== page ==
As I get closer and closer to my long-anticipated holiday (though by the time this is published, I’ll be in Korea!), I can’t help but get excited over all the amazing and cheap food I’m going to get to eat. Not only will I be able to stuff my face full of ddukbokkie and soondubu jiggae in Korea, I’m also going to be inhaling all the delicious roast meats and street snacks Hong Kong has to offer. And because it never hurts to get some practice before the real deal, I decided to have my Sunday roast at Roast Duck Inn.
Remember Shanghai Street Dumpling? Well these days it’s so popular you can’t get into either location without an hour wait, and frankly I wasn’t keen on that given the recent blustery weather. Instead, I would much rather have dinner at Shanghai Street Noodle Wizard; not only are the two restaurants affiliated, the latter also has a much cooler name, am I right? Occupying a much larger than usual space compared to most cheap and cheerful Chinese restaurants, the proprietors had the chance to deck the restaurant out in something of an industrial-oriental style. The unusual combination works surprisingly well, and is much nicer and newer than I’m used to. Mind you, it’s still very cramped, so careful where you swing…
Din Tai Fung is widely accepted to be the home of the best Xiao Long Bao in Australia (and possibly the world, depending on who you ask). And although I’ve eaten at the Sydney branch, I felt like I owed it to Melbourne to visit the newly opened store in Emporium. Being one of the most highly anticipated restaurants in the last year, Din Tai Fung is outfitted with a large waiting area, but Tuesdays evenings are quiet, and we got a seat for 2 with no trouble at all.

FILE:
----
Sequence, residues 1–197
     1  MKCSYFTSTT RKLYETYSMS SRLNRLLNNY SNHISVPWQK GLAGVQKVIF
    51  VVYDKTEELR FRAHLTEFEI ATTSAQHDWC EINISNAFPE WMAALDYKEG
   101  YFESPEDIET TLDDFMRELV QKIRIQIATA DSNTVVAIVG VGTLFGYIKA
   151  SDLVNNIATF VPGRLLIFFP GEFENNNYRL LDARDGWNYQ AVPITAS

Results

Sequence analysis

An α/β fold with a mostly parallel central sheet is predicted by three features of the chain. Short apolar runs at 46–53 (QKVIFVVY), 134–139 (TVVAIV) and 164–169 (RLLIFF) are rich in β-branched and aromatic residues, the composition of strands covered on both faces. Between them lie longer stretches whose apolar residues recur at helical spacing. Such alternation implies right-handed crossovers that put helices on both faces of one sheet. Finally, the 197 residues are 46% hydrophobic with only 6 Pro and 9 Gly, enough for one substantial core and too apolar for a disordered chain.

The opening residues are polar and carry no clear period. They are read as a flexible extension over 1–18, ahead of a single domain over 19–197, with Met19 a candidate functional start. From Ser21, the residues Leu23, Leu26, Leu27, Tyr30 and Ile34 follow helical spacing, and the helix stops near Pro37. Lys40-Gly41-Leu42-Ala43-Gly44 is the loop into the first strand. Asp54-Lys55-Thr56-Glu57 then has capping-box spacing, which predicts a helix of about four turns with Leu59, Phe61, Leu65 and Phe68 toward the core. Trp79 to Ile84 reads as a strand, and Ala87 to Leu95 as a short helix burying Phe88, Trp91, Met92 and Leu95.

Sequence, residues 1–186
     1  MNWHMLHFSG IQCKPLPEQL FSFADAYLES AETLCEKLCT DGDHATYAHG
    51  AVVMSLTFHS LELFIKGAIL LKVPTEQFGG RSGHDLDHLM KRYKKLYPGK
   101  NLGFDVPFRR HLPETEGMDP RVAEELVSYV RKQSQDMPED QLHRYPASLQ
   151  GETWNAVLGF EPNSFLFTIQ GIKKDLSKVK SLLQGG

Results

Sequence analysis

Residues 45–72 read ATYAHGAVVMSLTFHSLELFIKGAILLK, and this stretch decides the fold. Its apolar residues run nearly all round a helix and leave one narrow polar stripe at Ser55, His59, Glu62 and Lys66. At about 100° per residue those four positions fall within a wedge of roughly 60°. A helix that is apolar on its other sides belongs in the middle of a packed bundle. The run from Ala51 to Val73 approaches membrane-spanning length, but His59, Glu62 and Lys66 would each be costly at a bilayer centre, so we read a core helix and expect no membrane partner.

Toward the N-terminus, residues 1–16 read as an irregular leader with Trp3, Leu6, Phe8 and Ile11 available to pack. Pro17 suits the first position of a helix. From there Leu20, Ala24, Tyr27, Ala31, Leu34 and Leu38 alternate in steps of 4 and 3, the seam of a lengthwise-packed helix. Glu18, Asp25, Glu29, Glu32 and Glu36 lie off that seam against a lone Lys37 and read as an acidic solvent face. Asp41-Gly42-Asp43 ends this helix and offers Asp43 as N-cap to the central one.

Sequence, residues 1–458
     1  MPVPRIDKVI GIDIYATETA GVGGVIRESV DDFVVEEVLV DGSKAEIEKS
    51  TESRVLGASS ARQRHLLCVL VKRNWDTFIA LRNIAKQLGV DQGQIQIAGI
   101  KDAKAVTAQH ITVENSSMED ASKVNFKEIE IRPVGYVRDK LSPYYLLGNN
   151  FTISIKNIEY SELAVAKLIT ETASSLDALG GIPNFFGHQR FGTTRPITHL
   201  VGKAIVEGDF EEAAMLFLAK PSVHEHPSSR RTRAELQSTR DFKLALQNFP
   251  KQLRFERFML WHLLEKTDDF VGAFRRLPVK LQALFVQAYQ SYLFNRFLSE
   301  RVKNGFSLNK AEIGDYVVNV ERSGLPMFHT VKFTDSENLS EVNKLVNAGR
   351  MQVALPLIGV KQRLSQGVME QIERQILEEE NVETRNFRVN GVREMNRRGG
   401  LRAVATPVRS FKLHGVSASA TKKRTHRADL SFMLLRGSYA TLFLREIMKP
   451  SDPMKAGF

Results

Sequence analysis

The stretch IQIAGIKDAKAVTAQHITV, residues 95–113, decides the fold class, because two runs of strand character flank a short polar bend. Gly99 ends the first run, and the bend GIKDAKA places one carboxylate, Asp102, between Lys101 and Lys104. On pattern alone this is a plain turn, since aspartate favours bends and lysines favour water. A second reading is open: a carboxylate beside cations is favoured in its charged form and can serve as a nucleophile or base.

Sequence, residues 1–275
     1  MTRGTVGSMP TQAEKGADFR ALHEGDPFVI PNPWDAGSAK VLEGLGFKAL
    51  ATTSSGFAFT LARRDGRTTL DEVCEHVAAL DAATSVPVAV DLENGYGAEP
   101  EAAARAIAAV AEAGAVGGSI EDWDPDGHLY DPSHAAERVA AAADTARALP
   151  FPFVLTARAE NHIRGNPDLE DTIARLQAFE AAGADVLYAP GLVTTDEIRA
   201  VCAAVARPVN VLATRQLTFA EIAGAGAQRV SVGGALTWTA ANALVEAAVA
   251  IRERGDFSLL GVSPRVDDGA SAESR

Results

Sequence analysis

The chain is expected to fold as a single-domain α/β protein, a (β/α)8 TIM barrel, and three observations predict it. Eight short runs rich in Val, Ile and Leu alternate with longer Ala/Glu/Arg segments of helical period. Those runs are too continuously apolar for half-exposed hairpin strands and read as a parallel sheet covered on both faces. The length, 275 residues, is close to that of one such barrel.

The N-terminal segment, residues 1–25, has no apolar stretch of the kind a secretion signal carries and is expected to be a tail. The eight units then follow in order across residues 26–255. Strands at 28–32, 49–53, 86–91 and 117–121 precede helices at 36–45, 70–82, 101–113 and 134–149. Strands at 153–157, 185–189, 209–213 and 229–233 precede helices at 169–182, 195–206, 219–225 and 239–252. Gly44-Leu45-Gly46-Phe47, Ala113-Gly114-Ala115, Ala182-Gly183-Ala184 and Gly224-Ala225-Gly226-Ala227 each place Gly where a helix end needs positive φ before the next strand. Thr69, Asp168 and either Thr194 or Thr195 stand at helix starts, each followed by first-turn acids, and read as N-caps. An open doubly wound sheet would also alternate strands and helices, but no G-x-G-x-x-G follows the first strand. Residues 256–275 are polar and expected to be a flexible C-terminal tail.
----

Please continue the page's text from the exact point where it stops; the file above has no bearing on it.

Third time lucky, or that’s the hope. After the unfortunate closure of our local favourite, The Treasure, it was even more unfortunately replaced by the awful Penang Laksa House. Thankfully the latter didn’t stick around for too long, and soon we saw banners for the Overseas Seafood Restaurant being nailed up. As it turns out, Overseas actually does hail from overseas; Malaysia to be precise, and pretty soon they were doing a roaring trade of yum cha and dinner banquets. My parents aren’t too keen on Cantonese food, so instead we chose to check out Overseas on New Year’s Day for some yum cha. When we showed up, they were rather understaffed; the entire floor of the packed-out restaurant was…
Happy Holidays! Even though this post won’t actually get released until about mid-January, we are right in the silly season at the time of writing. So to all my beloved readers out there: thanks for sticking with me, have a good break, and eat lots of fantastic food! Speaking of eating fantastic food, I often find that easier said than done at this time of year. Although there are plenty of pot-lucks and family dinners to tighten that waistband, lots of restaurants are also taking a well-earned rest. This usually (but not always!) means that meals out are more or less restricted to the cheap and cheerful Asian restaurants, who tend to be keener on Chinese New Year than Christmas.
Strangely enough, Glen Waverley has slowly slipped into a dearth of good Chinese food. Now I don’t mean southern Chinese food – Dainty Sichuan and Chong Qing Hot Pot takes care of that. What I mean is good, hearty northern Chinese food. Whereas Glen Waverley used to have the legendary Bob’s Kitchen, now even the substitute of Raramen has closed down, in light of repeated food safety offences. So now whenever I feel the urge for some good dumplings, I have to head all the way out to Box Hill. Now imagine my surprise when on one visit to the local shopping centre, I found that the charcoal chicken shop has been replaced with Ramen and Dumpling House.